2.2. X-ray Structure Description

Single-crystal X-ray crystallography was used to conclusively determine the structure of [Co(L)(H2O)4](NO3)2. This complex crystallized in the low-symmetry triclinic crystal system and P 1 ¯ space group. The unit cell parameters were a = 7.73330(10) Å, b = 12.5152(2) Å, c = 15.5216(2) Å, α = 76.2120(10)°, β = 77.9620(10)°, and γ = 78.9690(10)°. The volume of the unit cell was 1410.92 Å3 and Z = 2. Figure 2 displays the asymmetric unit of the studied complex, while the selected bond lengths and angles are presented in Table 1.
In the cationic inner sphere [Co(L)(H2O)4]2+, the Co(II) ion was hexa-coordinated with four O-atoms from four H2O molecules, where the Co-O distances were within the range of 2.0635(11)–2.1036(10) Å. In addition, the Co(II) was coordinated with one unit of the ligand via pyridine (N1) and pyrazole (N3) atoms. Hence, the ligand acted as a bidentate NN-chelate. The Co(1)-N(1) and Co(1)-N(3) bond distances were 2.1240(10) and 2.1406(10) Å, respectively, where the Co-N(pyrazole) bond distance was slightly larger than the Co-N(pyridine) one. The bite angle N(1)-Co(1)-N(3) of the ligand was 76.74(4)°. The angles of O(2)-Co(1)-O(4), O(1)-Co(1)-N(1), and O(3)-Co(1)-N(3) were found to be 174.25(4)°, 170.36(4)°, and 171.61(4)°, respectively, which were all deviated from the ideal value of 180°. As a result, a distorted octahedral coordination geometry for this complex was observed. The weak ligand-field strength resulting from the four aqua ligands and the pyridyl-pyrazole coordination moiety of the sulfadiazine indicated that the complex was in the high-spin state. In the high-spin complexes [Co(1-[3-(2-pyridyl)-pyrazol-1-ylmethyl]-naphthalene)3](ClO4) [34] and [Co(3-phenyl-5-(2-pyridyl)pyrazole)2Cl(H2O)]Cl·H2O [35], the Co-N distances were 2.122(4)–2.213(4) Å [35] and 2.1035(19)–2.1831(19) Å [34], respectively, while the Co-O distance was 2.0845(18) Å [35]. These values confirmed the high-spin state of the studied complex.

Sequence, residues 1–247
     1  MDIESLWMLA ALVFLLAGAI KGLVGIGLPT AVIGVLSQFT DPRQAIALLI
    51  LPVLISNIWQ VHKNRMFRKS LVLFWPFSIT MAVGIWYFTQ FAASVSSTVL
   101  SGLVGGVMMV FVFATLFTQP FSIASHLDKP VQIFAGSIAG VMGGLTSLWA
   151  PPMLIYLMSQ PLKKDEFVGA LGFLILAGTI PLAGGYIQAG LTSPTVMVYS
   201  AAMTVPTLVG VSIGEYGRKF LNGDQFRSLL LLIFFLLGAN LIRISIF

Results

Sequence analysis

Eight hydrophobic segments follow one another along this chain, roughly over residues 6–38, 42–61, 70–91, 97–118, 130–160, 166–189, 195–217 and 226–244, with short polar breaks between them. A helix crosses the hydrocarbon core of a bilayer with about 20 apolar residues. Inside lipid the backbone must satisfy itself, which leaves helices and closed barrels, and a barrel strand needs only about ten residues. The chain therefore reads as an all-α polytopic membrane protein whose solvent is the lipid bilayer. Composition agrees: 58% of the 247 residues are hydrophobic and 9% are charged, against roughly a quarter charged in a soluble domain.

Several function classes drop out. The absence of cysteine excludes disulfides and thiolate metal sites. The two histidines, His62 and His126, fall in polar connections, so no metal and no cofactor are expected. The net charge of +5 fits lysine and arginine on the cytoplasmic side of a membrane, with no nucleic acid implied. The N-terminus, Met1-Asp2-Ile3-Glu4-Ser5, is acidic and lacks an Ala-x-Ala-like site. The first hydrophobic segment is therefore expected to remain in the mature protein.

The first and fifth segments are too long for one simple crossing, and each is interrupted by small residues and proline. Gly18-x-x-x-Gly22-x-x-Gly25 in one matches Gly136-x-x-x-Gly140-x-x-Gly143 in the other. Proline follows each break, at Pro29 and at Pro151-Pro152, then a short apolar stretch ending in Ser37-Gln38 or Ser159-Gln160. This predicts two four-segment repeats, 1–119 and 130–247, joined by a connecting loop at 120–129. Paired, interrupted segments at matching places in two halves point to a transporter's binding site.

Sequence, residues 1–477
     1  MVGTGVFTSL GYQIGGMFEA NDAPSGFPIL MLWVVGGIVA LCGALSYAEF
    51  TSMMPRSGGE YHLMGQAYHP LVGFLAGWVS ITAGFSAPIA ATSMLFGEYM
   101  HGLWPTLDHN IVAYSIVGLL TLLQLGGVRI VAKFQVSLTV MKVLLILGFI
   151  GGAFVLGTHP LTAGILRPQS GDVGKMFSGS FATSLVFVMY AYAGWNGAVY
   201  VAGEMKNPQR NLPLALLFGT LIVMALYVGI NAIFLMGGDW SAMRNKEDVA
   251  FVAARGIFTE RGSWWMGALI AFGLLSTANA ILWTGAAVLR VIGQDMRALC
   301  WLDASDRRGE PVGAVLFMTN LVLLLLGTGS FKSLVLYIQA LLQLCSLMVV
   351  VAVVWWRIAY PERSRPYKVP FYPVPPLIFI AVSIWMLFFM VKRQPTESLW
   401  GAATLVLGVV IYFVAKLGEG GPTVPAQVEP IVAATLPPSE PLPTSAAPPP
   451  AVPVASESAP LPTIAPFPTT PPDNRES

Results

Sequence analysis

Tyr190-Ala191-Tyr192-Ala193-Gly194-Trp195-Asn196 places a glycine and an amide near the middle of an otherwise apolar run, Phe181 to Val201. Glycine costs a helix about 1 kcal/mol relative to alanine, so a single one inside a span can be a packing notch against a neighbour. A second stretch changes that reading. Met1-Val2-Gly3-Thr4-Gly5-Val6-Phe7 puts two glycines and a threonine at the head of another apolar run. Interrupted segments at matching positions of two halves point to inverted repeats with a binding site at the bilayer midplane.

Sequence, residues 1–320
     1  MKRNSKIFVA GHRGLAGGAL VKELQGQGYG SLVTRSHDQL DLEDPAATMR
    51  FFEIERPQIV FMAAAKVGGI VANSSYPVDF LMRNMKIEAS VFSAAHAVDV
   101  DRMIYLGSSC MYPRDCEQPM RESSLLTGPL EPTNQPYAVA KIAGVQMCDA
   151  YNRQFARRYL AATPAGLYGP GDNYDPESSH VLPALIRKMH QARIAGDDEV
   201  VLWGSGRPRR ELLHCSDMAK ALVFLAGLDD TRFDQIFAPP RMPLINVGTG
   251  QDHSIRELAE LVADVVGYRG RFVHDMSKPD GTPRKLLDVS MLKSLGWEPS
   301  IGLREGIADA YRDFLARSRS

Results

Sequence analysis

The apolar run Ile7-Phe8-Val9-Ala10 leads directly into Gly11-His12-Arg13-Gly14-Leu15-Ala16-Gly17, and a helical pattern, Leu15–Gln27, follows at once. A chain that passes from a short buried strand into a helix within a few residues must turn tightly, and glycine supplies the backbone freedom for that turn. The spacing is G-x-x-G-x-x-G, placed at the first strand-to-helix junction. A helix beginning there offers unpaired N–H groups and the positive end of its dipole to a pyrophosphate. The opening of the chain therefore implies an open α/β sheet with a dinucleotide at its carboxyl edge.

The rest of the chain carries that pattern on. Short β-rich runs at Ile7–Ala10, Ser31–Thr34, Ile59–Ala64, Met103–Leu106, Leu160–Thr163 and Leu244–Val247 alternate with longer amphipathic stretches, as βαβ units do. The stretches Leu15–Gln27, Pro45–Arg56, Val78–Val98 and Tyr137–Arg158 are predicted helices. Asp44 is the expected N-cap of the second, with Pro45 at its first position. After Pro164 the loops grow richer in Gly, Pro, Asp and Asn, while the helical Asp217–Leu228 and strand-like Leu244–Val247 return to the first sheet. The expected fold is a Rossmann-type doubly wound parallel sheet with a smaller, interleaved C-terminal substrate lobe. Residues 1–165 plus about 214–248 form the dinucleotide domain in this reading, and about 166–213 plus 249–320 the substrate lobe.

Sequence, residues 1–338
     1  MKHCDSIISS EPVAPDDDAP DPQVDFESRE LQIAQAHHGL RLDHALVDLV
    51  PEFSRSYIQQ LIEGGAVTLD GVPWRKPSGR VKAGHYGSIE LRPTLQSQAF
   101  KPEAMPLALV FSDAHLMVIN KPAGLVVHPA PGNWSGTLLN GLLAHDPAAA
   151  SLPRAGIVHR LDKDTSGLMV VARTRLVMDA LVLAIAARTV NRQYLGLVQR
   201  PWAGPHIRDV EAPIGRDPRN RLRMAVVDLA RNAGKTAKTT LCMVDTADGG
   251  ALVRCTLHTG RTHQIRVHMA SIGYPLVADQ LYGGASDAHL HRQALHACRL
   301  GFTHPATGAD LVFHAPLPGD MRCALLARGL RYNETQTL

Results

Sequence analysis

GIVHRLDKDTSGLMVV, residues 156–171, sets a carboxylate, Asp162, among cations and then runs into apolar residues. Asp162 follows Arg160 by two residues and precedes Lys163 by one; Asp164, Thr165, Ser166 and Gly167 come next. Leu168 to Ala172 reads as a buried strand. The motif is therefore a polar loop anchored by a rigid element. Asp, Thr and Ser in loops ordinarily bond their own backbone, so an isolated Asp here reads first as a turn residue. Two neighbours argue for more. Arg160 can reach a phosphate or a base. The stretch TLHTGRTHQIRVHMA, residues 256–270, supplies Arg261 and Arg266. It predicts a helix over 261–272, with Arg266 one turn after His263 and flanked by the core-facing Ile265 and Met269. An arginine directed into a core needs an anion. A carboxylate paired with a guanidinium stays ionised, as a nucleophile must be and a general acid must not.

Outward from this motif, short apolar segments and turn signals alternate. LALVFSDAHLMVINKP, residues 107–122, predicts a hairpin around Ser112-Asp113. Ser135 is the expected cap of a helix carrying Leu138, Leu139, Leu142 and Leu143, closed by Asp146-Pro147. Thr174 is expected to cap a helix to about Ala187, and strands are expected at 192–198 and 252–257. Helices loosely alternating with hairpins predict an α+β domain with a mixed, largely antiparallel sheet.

It is important to notice that the pyridine ring and adjacent pyrazole ring were slightly not co-planar to each other, with a twist angle of 1.68(3)°. In comparison to the free ligand, the twist angle between these two rings was 6.45° [15]. Hence, the coordination between Co(II) and the N-atoms of the pyridine and pyrazole rings increased the co-planarity of the two ring systems. The two nitrate ions represented the outer sphere of this complex, which participated significantly in the supramolecular structure of this complex. The molecular packing of this complex was controlled by significant O-H···O and N-H···O hydrogen bonding contacts, which are shown in Figure 3. Their corresponding geometric parameters are listed in Table 2.
The supramolecular structure of this complex was stabilized by O(1)-H(1A)···O(11), O(3)-H(3B)···O(8), and O(4)-H(4A)···O(12) intramolecular hydrogen bonding contacts with donor to acceptor distances of 2.7190(18), 2.7352(16), and 2.8135(17) Å, respectively. Additionally, the molecular packing was controlled by the O(1)-H(1B)···O(7) intermolecular hydrogen bonding interactions, in which the donor O(1) to acceptor O(7) distance was 2.8154(14) Å, while the O(1)-H(1B)···O(7) angle was 159(2)°. The resulting packing scheme via these O-H···O and N-H···O contacts is shown in Figure 4A. Furthermore, the C(5)···C(15) interactions depicted in Figure 4B are an indication for the existence of aromatic π-π stacking interactions between the monomeric complex units. The C(5)···C(15) interaction distance was 3.37(2) Å.

2.3. Molecular Packing Analysis

An easy and precise method for identifying the various interactions between the atoms in a crystal structure is a Hirshfeld topology analysis. It was used to decompose the intermolecular interactions occurring in the crystal structure of the [Co(L)(H2O)4](NO3)2 complex. The cationic inner sphere [Co(L)(H2O)4]2+ was surrounded by two nitrate anions in the crystal structure of the [Co(L)(H2O)4](NO3)2 complex. Therefore, the Hirshfeld surfaces of the cationic part (F1) and the two counter anions (F2 and F3) were analyzed independently. In Figure 5, the generated Hirshfeld maps are displayed.